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Post boom time?: Bad weather, fuel prices and other factors brought farm tire market down to earth in '06

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Post boom time?: Bad weather, fuel prices and other factors brought farm tire market down to earth in '06

In the farm tire market, just like other segments of the tire industry, what goes up must come down, and that's certainly what happened during 2006.

"Both 2004 and 2005 were strong years for farm tire sales, both in the original equipment and replacement markets," says Bill Schafer, vice president of marketing and sales, North American agricultural tire, Michelin North America Inc.

Favorable weather, good yields and high crop prices all contributed to strong farm tire sales during that period.

However, 2006 has seen the farm tire market "move back down to a relatively normal level, with decreases in both OE and replacement sales," notes Schafer. What happened? That's the question CTD recently posed to Schafer and several other farm tire manufacturer executives.

Shaul Nuri, marketing and sales manager for Alliance Tire Co., puts part of the blame on unusually high inland freight costs, "which have changed some buying patterns. Another important force was the return to capacity for other tire manufacturers."

Harsh weather conditions in different parts of the country also played a major role, says Jeff Vasichek, vice president of sales and marketing for Titan International Inc.

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"We had severe drought in western Iowa and through Nebraska and South Dakota. That (negatively) impacted part of the U.S."

Jeff Wilson, marketing manager for Firestone Agricultural Tire Co. (FATC), says small farm tire sales have fallen "as farmers have faced high input costs."

Both Wilson and Vasichek point to low-cost farm tire imports from offshore manufacturers as contributors to the softening of the small farm tire market.

Michelin's Schafer says it's the confluence of a number of factors, including bad weather, high fuel costs, escalating fertilizer costs and even rising interest rates.

"These factors have impacted the level of net farm income, causing producers to be more cautious with their money."

No more shortage?

CTD also asked farm tire executives to discuss farm tire supply. Last year at this time, there was a noticeable shortage in large farm tires. Fortunately for product-strapped dealers, this appears to be changing.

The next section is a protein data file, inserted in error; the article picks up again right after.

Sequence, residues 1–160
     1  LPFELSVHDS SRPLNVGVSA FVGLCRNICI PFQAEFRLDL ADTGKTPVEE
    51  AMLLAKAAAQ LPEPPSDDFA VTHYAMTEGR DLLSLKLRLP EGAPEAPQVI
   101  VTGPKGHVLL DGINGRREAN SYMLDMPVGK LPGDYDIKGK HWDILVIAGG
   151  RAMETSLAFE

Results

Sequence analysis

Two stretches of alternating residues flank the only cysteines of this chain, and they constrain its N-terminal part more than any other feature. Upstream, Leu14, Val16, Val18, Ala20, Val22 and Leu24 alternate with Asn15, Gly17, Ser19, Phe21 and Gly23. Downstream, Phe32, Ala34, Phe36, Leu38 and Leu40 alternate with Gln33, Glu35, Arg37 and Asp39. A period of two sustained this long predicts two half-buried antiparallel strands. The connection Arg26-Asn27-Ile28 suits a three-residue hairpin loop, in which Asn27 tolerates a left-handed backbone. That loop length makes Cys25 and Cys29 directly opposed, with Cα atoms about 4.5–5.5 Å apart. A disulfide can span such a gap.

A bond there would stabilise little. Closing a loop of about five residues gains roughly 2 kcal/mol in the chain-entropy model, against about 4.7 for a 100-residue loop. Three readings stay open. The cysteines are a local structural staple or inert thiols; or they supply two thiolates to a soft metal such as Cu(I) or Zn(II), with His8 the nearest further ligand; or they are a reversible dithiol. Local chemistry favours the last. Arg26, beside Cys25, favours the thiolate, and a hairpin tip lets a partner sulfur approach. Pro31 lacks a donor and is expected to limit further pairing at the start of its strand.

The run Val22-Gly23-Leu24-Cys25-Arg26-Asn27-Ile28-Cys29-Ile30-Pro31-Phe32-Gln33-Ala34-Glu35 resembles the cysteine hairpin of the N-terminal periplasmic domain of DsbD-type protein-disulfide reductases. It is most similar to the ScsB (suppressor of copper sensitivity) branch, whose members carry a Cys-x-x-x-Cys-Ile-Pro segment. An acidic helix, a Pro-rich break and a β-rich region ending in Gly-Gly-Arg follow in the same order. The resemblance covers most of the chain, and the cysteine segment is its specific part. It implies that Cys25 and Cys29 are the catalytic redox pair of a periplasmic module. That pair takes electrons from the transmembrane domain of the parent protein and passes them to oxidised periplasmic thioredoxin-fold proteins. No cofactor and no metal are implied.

"Large farm tires are in good supply right now, except for maybe a few key sizes," says Wilson. "OE production slowed in 2006 compared to 2005, and there are key segments in the U.S. replacement market that are down compared to 2005."

"The supply problem was not nearly as extreme as it was last year due to the decrease in demand from the OEMs," says Vasichek.

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"You had a couple of things going on last year: John Deere and Case and the other OEMs were running at full capacity. This year, some of the OEMs have taken weeks out of their production. And when OE demand weakens or lessens, there are more tires available for the replacement market."

Rami Bitran, director of sales, agricultural tires, Trelleborg Wheel Systems Americas, goes so far as to say the shortage has "dissipated... most tiremakers have reacted" to last year's supply problems.

Next year's forecast

With 2006 rapidly drawing to a close, execs discussed what they believe the market will be like in 2007.

"We expect the radial market to continue to grow," says Michelin's Schafer. The bias-ply farm tire market is becoming commoditized, he explains. (Michelin only sells radial farm tires in the United States.)

"I would think the market next year on the replacement side will be up," says Vashichek. "I believe with the prices of commodities holding at this time, there will be pent-up demand for tires and services."

FATC's Wilson has a less optimistic outlook. "The U.S. farm tire market will be flat in 2007. OE manufacturers are forecasting conservatively for 2007." And net farm income overall is down, he adds.

Don't discount the government's influence, says Alliance's Nuri. "What will be interesting is the effect of the farm bill debate on the market. If government programs are expected to undergo major changes, it could decrease investment in new equipment.

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"But if the farm bill doesn't appear to be due for major changes, it could strengthen farmers' confidence and boost OEM sales. We'll have to wait and see."

Your advantage

Finally, CTD asked how independent farm tire dealers can boost their profitability in their respective marketing areas.

"Provide excellent service," says Wilson. "Have the right inventory of tires in stock when the farmer is ready to buy." He also recommends selling "higher technology" tires that command higher prices and yield better margins.

"I think it's time to start selling quality and performance and not just price -- added value, not just 'black, round and rolling,'" says Bitran.

"The dealers who succeed provide service, a quality product and a value to their customers," says Vasichek. "When a farmer is down, he doesn't care about price. It's no different than in the trucking business; it's all downtime. Farmers want the service and quality to keep them running."

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